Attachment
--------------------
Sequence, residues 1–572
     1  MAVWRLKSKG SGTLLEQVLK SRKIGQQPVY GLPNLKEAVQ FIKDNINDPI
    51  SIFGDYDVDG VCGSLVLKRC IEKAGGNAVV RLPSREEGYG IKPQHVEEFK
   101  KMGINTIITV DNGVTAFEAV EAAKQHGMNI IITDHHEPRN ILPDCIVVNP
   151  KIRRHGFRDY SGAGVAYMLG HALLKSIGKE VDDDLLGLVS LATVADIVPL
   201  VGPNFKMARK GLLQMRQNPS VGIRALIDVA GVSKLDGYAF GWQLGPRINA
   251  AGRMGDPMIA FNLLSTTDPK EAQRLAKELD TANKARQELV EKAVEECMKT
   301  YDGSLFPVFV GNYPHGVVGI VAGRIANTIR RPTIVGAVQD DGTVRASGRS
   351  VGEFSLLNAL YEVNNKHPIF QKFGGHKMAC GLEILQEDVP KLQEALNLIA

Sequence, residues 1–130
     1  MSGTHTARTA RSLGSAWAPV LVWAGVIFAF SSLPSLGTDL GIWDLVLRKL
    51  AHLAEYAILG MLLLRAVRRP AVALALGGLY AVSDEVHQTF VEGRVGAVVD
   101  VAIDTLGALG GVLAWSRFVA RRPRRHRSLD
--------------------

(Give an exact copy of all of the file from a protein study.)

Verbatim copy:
Sequence, residues 1–572
     1  MAVWRLKSKG SGTLLEQVLK SRKIGQQPVY GLPNLKEAVQ FIKDNINDPI
    51  SIFGDYDVDG VCGSLVLKRC IEKAGGNAVV RLPSREEGYG IKPQHVEEFK
   101  KMGINTIITV DNGVTAFEAV EAAKQHGMNI IITDHHEPRN ILPDCIVVNP
   151  KIRRHGFRDY SGAGVAYMLG HALLKSIGKE VDDDLLGLVS LATVADIVPL
   201  VGPNFKMARK GLLQMRQNPS VGIRALIDVA GVSKLDGYAF GWQLGPRINA
   251  AGRMGDPMIA FNLLSTTDPK EAQRLAKELD TANKARQELV EKAVEECMKT
   301  YDGSLFPVFV GNYPHGVVGI VAGRIANTIR RPTIVGAVQD DGTVRASGRS
   351  VGEFSLLNAL YEVNNKHPIF QKFGGHKMAC GLEILQEDVP KLQEALNLIA

Sequence, residues 1–130
     1  MSGTHTARTA RSLGSAWAPV LVWAGVIFAF SSLPSLGTDL GIWDLVLRKL
    51  AHLAEYAILG MLLLRAVRRP AVALALGGLY AVSDEVHQTF VEGRVGAVVD
   101  VAIDTLGALG GVLAWSRFVA RRPRRHRSLD